There is one benefit, of course, to leaving the garden to go to seed for a year. It means that the wildlife can get along with things all on their own, without me coming along to pull up their homes and generally keep disturbing things. Whilst clearing the garden up in the past few weeks, we’ve seen lots of shieldbugs, crab spiders, caterpillars, various different insects and suchlike going about their own business and making the most of the place.
A couple of years ago, we bought a bee house, and nailed it up on the wall of the shed. It saw little use, to be honest, apart from by spiders and a couple of holes filled by a mason bee last year. This summer, though, leafcutter bees have found it, and made good use of it.
As you can see from the picture, leafcutter bees are quite picky about the sizes of the holes they will lay eggs in. You can also see one of the holes which a mason bee presumably crawled out of earlier in the year. Hopefully, at some point in the spring, a family of newly-mature leafcutter bees will emerge again.
In other news, we have sowed a few flowers ready for next summer: calendula, forget-me-not and borage. Slowly we’re drifting away from the original idea of making the garden as edible as we could, but that was never a strictly hard-and-fast rule to start with. They are, at least, all flowers which should please the leafcutters and bumblebees at various times next spring and summer. On the herb front, we’ve acquired a few stems of bay, and planted them in one of the wastebins used in previous seasons for growing potatoes. Growing potatoes is difficult to justify in a garden the size of ours; hopefully the bay will make a bush to last for a few years to come.
Regular readers of this site – all one of you – might have noticed that things have been rather quiet for a while here. There is, of course, a good reason for that. The reason is: the state of the garden, in the second half of last year, was such a disaster that I really didn’t feel like writing about it. I really didn’t feel like going into the garden. And so, nothing was put away for the winter, everything was left to fend for itself. A surprising amount of plants survived the winter, but the ones that did were mostly killed off by the heat earlier this summer. So now, effectively, we are starting again. The only produce we’ve had from the garden in 2013 is a small bowl from an interloper, something very tasty that we didn’t really ask for.
For some reason, gardening tasks always seem to end up involving brambles. I can dimly remember, aged about 5, my grandfather giving my parents a bramble shoot with the advice to keep it in a bucket lest it take over the whole garden. Naturally, by the time I had reached my teens, it had taken over, well, half the garden (the rest was lawn), and I spent what seems in memory to be most of a summer cutting it down, piece by piece, first with secateurs then with hacksaw, until my parents’ only option was to hire a wood chipper to deal with the pile of chunks. At the previous place we lived in Bristol, there was virtually no garden, and the only gardening task I ever did was regularly chop back a bramble which had managed to root itself under the decking. They really are amazing plants, in their ability to cover an area, take it over, turn everything underneath into a barren desert, and like bindweed they are endemic in this part of Bristol. So when I saw bramble runners sprouting forth over our back fence and dropping down seeking earth, I knew it had to go. After we’d eaten its fruit, of course.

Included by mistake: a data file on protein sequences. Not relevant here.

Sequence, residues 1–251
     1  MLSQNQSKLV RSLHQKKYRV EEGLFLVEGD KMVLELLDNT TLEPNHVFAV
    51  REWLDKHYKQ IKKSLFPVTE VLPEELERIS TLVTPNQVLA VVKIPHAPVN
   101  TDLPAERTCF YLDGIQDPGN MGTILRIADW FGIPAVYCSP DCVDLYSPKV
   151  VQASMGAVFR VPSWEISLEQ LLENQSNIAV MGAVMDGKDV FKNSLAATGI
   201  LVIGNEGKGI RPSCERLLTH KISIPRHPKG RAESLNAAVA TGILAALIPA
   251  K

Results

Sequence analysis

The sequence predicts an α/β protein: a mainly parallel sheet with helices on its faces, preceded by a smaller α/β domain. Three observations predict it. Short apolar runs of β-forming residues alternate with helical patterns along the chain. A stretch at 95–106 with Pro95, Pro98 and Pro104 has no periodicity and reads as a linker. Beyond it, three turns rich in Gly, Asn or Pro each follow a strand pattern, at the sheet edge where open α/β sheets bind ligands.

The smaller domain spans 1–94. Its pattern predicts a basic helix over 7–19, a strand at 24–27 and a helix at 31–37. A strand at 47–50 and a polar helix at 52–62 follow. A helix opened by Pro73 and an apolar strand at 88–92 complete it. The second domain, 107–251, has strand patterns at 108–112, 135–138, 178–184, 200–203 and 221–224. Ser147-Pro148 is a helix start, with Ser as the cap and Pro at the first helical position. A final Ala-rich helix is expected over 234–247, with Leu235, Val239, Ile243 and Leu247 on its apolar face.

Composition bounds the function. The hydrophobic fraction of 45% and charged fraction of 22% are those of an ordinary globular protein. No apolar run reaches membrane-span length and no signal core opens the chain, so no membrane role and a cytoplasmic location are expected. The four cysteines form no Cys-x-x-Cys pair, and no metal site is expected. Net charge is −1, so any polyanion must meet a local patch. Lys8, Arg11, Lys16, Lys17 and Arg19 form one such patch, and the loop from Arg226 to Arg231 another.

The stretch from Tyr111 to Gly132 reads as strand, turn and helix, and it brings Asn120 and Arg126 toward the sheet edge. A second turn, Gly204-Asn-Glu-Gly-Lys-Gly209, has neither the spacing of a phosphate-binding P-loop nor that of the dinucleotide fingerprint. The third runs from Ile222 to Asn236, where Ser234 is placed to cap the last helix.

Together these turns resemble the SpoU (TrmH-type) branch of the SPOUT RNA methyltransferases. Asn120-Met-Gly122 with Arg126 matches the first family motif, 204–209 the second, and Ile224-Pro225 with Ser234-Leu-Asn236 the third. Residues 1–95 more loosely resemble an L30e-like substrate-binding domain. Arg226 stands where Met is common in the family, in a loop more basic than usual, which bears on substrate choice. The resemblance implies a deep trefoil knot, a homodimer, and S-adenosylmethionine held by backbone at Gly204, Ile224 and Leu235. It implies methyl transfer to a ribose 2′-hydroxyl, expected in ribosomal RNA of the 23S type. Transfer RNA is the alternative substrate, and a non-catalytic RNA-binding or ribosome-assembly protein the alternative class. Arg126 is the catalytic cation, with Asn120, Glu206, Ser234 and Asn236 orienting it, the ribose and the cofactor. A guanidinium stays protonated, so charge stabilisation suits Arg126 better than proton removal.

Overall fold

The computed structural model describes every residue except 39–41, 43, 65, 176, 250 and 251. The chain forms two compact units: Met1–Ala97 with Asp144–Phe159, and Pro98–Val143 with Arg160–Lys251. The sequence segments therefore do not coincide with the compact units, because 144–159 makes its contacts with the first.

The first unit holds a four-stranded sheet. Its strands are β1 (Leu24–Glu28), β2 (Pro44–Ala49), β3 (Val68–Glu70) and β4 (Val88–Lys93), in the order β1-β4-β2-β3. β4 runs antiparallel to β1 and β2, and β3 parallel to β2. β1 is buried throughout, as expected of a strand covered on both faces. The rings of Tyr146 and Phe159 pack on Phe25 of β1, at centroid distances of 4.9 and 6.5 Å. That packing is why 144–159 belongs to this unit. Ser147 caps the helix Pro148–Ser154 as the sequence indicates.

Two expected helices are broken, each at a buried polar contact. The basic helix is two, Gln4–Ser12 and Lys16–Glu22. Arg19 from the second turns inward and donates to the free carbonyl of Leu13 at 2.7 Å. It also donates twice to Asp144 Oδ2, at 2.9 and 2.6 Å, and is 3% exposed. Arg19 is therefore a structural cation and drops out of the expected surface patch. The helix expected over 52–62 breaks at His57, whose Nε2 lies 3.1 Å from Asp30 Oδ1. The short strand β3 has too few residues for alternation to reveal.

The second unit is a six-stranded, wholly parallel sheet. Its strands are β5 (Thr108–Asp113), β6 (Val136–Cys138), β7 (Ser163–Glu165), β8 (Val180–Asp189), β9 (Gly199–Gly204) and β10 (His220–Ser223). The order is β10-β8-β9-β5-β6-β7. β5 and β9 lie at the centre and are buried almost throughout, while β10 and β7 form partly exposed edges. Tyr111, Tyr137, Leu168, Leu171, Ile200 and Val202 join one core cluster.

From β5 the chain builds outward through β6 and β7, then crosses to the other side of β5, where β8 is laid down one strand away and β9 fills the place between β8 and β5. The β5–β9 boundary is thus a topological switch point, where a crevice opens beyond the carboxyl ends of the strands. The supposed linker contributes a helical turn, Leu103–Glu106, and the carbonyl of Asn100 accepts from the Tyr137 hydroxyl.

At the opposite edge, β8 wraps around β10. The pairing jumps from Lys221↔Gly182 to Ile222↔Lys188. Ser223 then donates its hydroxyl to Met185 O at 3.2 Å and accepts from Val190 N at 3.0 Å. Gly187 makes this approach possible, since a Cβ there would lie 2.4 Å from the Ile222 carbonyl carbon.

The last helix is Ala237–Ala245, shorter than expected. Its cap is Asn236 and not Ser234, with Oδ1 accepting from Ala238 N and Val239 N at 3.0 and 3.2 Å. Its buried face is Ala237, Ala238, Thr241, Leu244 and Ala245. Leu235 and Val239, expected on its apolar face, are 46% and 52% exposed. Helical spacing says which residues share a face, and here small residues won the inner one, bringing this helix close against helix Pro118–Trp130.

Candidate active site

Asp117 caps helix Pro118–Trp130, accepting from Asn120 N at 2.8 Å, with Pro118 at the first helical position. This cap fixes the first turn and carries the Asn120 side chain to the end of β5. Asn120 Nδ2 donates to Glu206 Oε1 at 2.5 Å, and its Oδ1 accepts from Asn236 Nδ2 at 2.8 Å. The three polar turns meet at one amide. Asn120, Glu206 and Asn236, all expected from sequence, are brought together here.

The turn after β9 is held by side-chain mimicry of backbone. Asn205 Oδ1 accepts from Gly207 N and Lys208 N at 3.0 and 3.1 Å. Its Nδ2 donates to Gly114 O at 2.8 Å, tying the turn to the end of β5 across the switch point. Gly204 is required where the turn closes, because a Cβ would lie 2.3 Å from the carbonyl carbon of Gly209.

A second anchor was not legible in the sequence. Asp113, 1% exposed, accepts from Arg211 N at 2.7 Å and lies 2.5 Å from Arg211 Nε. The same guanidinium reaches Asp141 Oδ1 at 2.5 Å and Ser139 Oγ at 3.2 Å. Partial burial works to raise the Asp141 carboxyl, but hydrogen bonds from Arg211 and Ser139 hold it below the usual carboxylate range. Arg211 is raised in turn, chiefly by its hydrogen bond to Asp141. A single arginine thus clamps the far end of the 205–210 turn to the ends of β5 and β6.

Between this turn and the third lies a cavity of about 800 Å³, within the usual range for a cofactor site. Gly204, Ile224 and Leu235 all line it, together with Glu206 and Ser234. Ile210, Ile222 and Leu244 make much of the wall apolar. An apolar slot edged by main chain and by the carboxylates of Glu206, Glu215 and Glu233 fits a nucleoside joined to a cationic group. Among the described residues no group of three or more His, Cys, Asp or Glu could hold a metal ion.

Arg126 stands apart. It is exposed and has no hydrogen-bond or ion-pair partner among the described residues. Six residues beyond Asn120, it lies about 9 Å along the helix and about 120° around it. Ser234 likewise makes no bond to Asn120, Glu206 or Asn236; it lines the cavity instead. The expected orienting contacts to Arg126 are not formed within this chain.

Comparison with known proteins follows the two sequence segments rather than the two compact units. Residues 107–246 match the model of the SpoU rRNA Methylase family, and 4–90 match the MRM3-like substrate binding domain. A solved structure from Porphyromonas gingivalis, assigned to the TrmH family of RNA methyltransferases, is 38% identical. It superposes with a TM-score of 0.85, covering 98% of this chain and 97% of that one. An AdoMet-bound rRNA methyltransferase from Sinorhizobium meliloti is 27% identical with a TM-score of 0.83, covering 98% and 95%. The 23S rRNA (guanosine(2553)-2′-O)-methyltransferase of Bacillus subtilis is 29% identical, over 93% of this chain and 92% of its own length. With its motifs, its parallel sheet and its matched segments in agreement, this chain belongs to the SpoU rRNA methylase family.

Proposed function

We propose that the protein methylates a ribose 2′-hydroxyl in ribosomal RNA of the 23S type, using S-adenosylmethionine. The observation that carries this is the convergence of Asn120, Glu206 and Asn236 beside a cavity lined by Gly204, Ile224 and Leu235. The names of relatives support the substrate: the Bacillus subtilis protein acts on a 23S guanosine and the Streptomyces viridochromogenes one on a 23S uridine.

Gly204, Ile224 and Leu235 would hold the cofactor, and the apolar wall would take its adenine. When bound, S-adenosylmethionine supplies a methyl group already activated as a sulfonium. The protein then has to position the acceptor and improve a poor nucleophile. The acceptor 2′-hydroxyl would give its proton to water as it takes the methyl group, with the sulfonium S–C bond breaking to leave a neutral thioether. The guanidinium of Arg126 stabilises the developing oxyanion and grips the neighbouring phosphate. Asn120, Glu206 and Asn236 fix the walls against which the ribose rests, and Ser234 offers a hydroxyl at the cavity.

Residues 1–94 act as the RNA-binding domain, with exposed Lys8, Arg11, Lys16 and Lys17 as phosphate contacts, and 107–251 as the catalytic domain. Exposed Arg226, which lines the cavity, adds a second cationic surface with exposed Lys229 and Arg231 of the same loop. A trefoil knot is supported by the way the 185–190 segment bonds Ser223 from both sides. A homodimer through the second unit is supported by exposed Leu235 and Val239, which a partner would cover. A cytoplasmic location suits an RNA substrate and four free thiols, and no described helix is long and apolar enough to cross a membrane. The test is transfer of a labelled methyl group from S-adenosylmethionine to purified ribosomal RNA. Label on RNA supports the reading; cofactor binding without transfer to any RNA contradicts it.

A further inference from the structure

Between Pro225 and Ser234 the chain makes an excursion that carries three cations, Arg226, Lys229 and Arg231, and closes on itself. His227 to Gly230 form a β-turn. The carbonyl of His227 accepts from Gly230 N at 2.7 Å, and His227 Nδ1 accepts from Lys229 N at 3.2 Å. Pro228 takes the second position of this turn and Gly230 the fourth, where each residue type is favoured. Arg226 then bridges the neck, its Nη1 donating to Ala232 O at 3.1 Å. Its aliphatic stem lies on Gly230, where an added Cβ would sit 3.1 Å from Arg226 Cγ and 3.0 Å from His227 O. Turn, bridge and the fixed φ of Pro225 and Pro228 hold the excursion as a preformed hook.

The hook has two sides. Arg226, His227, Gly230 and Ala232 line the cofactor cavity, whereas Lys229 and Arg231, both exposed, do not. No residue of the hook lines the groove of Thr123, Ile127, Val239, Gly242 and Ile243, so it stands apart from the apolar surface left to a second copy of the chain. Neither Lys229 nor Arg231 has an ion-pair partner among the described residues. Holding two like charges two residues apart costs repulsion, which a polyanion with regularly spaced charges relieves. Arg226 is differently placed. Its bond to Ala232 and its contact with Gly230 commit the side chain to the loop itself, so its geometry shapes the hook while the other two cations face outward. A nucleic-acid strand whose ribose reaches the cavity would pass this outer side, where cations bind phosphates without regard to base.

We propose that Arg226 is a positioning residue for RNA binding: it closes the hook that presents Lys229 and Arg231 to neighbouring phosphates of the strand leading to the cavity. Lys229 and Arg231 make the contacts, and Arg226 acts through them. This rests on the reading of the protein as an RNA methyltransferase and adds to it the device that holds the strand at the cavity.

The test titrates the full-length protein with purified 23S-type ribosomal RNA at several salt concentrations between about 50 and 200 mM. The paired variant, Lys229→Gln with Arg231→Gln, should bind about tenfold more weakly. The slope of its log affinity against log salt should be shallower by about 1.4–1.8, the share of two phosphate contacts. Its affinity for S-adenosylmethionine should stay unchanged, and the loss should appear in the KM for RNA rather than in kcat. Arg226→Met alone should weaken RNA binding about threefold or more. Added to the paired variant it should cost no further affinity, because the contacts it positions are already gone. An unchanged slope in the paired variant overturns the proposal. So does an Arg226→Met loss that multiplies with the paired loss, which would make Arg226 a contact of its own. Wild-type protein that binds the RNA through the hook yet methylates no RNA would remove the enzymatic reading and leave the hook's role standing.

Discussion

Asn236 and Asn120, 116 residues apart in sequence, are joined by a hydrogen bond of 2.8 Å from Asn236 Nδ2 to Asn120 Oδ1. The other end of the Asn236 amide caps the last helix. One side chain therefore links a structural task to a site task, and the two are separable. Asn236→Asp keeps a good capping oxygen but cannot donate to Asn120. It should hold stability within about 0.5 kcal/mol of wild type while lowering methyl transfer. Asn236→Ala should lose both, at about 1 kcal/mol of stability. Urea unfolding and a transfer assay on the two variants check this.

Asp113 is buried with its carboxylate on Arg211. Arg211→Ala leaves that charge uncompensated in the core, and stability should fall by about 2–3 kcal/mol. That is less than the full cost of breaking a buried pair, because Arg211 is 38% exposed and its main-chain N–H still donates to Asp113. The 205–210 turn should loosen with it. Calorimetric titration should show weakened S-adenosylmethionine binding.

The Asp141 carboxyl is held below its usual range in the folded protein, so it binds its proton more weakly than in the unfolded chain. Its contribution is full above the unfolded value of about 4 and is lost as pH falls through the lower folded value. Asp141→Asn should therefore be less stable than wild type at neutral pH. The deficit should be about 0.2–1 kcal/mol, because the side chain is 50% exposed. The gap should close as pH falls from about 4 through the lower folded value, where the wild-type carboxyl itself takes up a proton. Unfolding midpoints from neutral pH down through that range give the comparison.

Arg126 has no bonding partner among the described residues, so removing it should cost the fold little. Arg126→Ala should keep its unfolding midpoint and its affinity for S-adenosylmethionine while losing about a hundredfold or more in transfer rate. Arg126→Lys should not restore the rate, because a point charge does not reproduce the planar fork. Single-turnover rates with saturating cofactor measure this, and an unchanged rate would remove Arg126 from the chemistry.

The origin of the bramble is quickly explained, if we skip back to the garden plan posted a couple of years back:
That area at top-right marked “Jungle of weeds” was all dug up about a year ago. They now have a shed, backing on to our boundary, and a high wooden fence extending off to the right. However, the cleared land on their side of said fence has been left to revert back to weediness. With their new fence, there is now double the Ominous Gap marked on the plan, and it’s this gap which has been colonised by bramble. I can reach down and chop off anything threatening to poke its way over into our space, but I have no hope at all of digging up the roots. In other words, my life is once again doomed to regularly cutting back brambles.
Apart from the bramble-hacking, what are we going to do now that we’ve admitted we’re going to restart from scratch? Try to plant things that don’t take as much nursing, for one thing, so that the garden will survive if we want a summer holiday; and things that don’t necessarily look appetising to every slug and snail in town. Lots of herbs, lots of insect-attracting flowers, and maybe the odd item of produce that we can’t easily buy here. For now, we’ve cut down the weeds that were colonising the back bed and sowed white clover for the winter, to refresh its nitrates and try to give the weeds no space to come back. Before the winter, we’ll start growing a bulb’s worth of garlic, and sow our spring flowers: of all last year’s produce, the garlic was the best harvest, and was barely touched by pests. Then, next year, hopefully things will be green again.